So go ahead and game the plague away. You can find Foddy's games for free here.
Playing and being creative shouldn't stop when you grow up.
- Growing up doesn't mean your life has to be all about work.
- Studies have shown that playing and being creative has numerous health benefits for adults of all ages.
- Simple exercises like drawing, finishing a puzzle, or taking breaks outdoors can have a positive impact on your life.
Peter Pan had the right idea: growing up is overrated. As adults we often forget to stop and have fun in between paying bills and being productive members of society. We're often stressed about our lives and the world around us, and after a while that mental anguish starts to take a toll on our bodies. There have been countless studies on the power of play and of mental and physical exercise. Here are some "childish" activities you should be doing to strengthen your mind, distract you from work, and keep you feeling young at heart.
With popular shows like LEGO Masters and films including "Beyond the Brick: A LEGO Brickumentary," it's clear that building with plastic bricks is not just a kids' sport. The popular interlocking pieces have been used in the past to reduce anxiety and stress, to inspire and promote creativity in the workplace, and to improve dexterity and coordination for patients with dementia. LEGO building is also a just fun way to spend a few hours alone or with family and friends!
In addition to being a great tool for calorie-burning cardio workouts, jump ropes help with coordination, can be more efficient for heart health than jogging, improve bone density, and decrease the risk of foot and ankle injuries. When shopping for one, make sure the handles are comfortable and that the length is adjustable (or specific to your height).
Researchers, teachers, and artists are starting to realize that drawing is more than an art form. Studies have shown that doodling increases memory and helps with focus, while more involved drawing exercises enhance one's understanding of concepts and objects. With this How-To book, you'll be upgrading those stick figures and reaping the benefits that drawing has to offer in no time.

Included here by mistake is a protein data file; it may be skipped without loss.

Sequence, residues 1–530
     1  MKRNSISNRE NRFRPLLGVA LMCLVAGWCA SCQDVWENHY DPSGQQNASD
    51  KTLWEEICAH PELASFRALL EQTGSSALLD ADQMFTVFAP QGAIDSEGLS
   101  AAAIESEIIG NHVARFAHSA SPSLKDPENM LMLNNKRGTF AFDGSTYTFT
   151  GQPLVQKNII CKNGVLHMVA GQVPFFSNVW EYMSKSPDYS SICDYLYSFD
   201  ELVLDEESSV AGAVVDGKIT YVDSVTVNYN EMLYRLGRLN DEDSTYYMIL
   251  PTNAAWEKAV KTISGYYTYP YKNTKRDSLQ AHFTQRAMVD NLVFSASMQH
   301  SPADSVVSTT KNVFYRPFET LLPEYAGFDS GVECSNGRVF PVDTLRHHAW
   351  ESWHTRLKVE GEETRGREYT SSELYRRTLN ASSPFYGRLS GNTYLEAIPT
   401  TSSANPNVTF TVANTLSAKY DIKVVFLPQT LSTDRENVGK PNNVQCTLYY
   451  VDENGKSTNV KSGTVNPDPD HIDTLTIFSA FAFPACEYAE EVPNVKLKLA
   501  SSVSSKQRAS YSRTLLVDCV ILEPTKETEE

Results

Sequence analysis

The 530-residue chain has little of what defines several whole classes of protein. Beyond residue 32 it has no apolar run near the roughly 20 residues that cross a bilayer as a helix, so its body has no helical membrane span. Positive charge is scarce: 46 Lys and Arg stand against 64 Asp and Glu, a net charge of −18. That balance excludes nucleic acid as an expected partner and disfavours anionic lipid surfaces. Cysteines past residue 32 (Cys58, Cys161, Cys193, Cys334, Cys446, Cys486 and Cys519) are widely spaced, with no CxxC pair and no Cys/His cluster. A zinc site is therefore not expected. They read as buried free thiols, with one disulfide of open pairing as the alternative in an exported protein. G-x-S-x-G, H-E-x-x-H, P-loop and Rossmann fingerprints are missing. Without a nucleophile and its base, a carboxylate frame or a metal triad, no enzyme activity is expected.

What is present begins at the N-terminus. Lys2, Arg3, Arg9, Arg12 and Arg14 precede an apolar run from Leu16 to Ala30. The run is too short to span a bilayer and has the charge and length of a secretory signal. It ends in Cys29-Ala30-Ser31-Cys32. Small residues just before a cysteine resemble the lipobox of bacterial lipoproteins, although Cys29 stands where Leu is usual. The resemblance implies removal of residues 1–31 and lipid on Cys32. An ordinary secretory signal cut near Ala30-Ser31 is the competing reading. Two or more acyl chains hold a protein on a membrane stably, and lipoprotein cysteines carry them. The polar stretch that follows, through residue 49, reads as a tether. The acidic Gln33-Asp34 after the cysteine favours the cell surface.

According to the New York Times, 62 percent of professionals say they spend their lunch break eating at their desk. Taking a break away from a work environment gives you the chance to do just that: take a break. Sometimes a short walk and some fresh air is exactly what you need to feel creative and energized to make it through the day. Plastic bags are bad for the environment, and paper bags will make you look like a 3rd grader, but this lightweight neoprene bag is perfect for transporting for homemade meals to a park bench or somewhere your computer isn't. The bag keeps cold things cold and warm things warm for up to 4 hours, stores flat, is BPA free, and is also machine washable.
More than 164 million Americans play video games on their phones, computers, or gaming consoles. Hundreds of millions more dabble in gaming around the world. In addition to being a fun leisure activity, video games have been shown to have benefits for players of all ages. From increased gray matter in the hippocampus of people between the ages of 55 and 75, to improved performance on recognition memory tasks and a boost in keyboard proficiency, the diversity in video games today has created a vast library of useful tools that anyone can take advantage of.
A recent obsession among gamers is Animal Crossing: New Horizons for the Nintendo Switch. Build a community, collect materials, hang with cute creatures...this game has it all.
A 2018 study published in Frontiers in Aging Neuroscience found that solving jigsaw puzzles "strongly engages multiple cognitive abilities," and that when practiced long term is a "potential protective factor for cognitive aging." The options are nearly endless when it comes to themes, shapes, and the number of pieces in a given puzzle, but we think this round puzzle of the Moon is both challenging and beautiful. When you're done, you can glue it and hang it on a wall, or take it apart and start over again.
The benefits of cycling are almost too many to list, but here are a few according to Harvard Medical, Cycling Weekly, and Bicycling.com: save on carbon emissions, increase muscle strength and joint mobility, decrease stress and body fat, explore your surroundings in a new way, and save money on fuel costs and maintenance. Oh yeah, and it can be a lot of fun!